- Identify the upsetting situation.
- Identify the most upsetting or irrational feeling from that situation.
- Identify thoughts about the situation that underlie the feelings.
- Evaluate the accuracy of the upsetting thought.
- Decide whether the upsetting thought is accurate, and then take action accordingly.
Cognitive restructuring can be used to reshape cognitive distortions commonly associated with NPD such as black-and-white thinking and magnification, for example.
Exposure therapy can help people confront specific fears. For someone with NPD, this may require them to put themselves in situations that challenge their self-importance or to display empathy and care for other people.
Through journaling, someone with NPD may be able to observe their thoughts from a more objective point of view by revisiting them after they’ve occurred. Individuals may be asked to record negative thoughts or perceptions regarding interactions with various people. This allows them to identify potentially troubling thought patterns and work with the therapist to change them.
During role-playing, the therapist and patient can work through behaviors that the patient may present in various situations. For example, the therapist could pretend to be someone the patient meets at an event, and the individual with NPD can practice asking questions about the other person, rather than only talking about themselves.
Behavioral experiments can help a person test and modify inaccurate beliefs. For example, a person with NPD may participate in a discovery experiment where they learn more about a situation outside of their own beliefs.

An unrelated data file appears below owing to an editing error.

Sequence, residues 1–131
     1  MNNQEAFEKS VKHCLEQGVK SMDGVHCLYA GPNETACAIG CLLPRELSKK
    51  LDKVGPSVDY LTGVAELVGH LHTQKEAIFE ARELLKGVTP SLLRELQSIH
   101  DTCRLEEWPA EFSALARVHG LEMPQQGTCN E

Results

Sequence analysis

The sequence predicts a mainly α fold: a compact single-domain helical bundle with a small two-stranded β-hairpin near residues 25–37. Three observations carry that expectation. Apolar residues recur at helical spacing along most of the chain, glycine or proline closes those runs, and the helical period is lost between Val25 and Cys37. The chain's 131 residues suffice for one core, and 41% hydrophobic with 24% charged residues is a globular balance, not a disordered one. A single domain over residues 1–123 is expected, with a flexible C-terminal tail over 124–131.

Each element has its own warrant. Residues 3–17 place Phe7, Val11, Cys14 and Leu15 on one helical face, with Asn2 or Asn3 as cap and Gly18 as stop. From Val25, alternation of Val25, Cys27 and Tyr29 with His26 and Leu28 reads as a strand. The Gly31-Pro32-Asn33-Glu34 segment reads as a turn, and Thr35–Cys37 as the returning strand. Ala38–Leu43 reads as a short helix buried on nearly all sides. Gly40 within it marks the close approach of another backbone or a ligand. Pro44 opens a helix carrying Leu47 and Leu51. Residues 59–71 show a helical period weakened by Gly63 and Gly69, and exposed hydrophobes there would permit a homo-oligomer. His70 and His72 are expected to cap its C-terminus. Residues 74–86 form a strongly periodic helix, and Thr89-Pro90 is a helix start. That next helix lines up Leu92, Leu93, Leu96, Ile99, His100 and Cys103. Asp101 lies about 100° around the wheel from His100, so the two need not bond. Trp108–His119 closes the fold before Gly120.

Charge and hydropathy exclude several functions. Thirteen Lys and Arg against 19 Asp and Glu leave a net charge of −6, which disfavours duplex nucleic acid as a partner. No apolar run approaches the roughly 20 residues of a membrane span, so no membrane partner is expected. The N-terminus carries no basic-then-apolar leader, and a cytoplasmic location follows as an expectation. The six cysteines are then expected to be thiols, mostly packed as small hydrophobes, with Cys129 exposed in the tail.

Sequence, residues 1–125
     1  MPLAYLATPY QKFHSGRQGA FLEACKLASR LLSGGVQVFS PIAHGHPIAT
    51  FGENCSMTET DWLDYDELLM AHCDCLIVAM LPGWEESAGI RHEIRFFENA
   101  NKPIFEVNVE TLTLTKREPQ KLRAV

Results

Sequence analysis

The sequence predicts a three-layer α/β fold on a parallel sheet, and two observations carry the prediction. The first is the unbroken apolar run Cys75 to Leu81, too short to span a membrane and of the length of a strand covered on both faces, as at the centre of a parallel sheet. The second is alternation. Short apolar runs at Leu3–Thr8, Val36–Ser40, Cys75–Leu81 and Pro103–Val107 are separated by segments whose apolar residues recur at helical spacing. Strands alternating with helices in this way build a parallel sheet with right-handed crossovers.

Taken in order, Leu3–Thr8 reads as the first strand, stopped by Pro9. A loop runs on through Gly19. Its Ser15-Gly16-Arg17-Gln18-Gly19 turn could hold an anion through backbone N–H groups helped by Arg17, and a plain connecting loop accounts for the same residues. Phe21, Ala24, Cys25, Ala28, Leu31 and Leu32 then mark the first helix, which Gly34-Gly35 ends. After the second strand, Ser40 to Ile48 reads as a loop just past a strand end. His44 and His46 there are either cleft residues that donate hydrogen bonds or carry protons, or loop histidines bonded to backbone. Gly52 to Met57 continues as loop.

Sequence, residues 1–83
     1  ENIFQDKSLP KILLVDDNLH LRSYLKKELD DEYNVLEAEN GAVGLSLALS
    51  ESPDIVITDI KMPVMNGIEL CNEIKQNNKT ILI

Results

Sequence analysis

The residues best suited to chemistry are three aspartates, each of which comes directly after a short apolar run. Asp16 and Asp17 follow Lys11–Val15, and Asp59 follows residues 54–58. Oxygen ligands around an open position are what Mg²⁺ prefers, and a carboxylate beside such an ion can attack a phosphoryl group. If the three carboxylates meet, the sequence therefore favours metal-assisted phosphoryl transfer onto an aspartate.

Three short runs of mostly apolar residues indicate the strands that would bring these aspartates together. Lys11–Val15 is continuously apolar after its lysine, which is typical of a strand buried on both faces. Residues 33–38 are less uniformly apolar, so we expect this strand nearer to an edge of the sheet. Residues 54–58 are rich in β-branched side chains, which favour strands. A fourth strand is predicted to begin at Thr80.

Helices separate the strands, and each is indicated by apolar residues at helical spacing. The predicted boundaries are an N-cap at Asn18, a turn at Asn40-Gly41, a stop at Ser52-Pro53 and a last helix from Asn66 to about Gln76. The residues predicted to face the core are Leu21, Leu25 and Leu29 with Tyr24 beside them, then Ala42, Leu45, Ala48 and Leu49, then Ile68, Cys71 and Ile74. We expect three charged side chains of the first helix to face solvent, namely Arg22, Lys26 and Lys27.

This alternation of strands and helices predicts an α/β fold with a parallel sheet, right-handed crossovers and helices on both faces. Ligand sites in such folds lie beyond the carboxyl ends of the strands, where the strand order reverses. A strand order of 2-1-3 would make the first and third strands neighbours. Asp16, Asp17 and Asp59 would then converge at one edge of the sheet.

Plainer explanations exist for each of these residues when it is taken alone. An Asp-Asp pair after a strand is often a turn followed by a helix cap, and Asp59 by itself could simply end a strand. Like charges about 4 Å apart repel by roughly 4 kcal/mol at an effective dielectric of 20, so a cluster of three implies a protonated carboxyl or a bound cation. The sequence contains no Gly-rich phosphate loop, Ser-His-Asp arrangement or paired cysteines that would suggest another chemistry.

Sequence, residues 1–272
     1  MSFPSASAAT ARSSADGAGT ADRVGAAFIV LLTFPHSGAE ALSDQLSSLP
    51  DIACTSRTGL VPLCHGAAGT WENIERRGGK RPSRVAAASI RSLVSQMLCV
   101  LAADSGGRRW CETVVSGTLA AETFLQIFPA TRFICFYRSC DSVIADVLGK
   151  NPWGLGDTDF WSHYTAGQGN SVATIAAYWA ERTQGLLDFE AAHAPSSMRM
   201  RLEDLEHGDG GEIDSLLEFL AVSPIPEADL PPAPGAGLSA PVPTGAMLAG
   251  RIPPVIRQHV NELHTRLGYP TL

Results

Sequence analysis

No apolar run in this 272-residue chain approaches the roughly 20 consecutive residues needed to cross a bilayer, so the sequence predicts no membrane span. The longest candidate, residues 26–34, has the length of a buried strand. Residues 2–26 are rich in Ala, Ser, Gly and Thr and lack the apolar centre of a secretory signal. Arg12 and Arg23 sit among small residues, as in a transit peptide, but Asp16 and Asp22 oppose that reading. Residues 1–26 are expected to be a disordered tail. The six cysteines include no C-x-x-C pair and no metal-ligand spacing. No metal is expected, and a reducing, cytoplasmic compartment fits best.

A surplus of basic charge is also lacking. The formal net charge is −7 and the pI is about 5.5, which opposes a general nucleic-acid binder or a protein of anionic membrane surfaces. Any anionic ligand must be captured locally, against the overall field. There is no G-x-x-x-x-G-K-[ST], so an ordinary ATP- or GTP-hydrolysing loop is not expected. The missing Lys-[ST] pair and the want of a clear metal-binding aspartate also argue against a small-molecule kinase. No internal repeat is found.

Skills training may include behavior rehearsal, relaxation training, or social skills training, for example. Through this strategy, the patient may learn to act more appropriately in a variety of social settings.
During guided discovery, a therapist may try to learn more about the patient’s beliefs, then ask open-ended questions designed to challenge those beliefs. Often, the goal here is to ask questions that allow information to be brought to the patient’s awareness. From there, the individual can begin to consider the problems they are facing as well as potential solutions.
Like with other personality disorders, like borderline personality disorder, someone with NPD may not be fully aware of their symptoms or how they impact others. Through psychoeducation, the patient can learn more about narcissistic personality disorder and how it impacts their thoughts and behaviors.
How online therapy can help
Some individuals with NPD may experience symptoms that might make engaging in therapy feel difficult. For instance, they may be worried about how others might perceive them if they are observed seeking help. In such cases, online therapy may offer a convenient alternative. Online therapy can be conducted anywhere that an individual has internet such as their home, for instance, eliminating the need to travel to a counseling office and interact with others there.
Online therapy has been shown to be an effective treatment option for a range of mental health concerns, and there is strong evidence supporting the effectiveness of online CBT in particular. For instance, one study conducted an overview of the effectiveness of internet-based CBT (ICBT) in the treatment of psychiatric disorders, and it concluded that “ICBT is useful in treating mental health and medical illnesses with psychiatric comorbidities”.
Someone with narcissistic personality disorder may have an inflated sense of their own importance and expect preferential treatment. This can be detrimental to relationships and other areas of a person’s life. However, cognitive behavioral therapy can help shift these unhelpful thoughts and beliefs to decrease the symptoms associated with NPD and improve daily functioning. If an individual with NPD is hesitant to seek treatment due to what others might think of them, online therapy may be a beneficial alternative. To get started on your therapeutic journey or to seek help for a loved one, reach out to BetterHelp today.
Frequently Asked Questions
For examples of questions that might be beneficial to explore in cognitive behavioral therapy, please see below.
Does CBT work on a narcissist?
What type of treatment is best for people with NPD?
Does CBT work to help personality disorders?
Can someone with NPD change if they go to counseling?
Do people with NPD ever change with counseling?
What is the root cause of NPD?
Does a narcissist know they are a narcissist?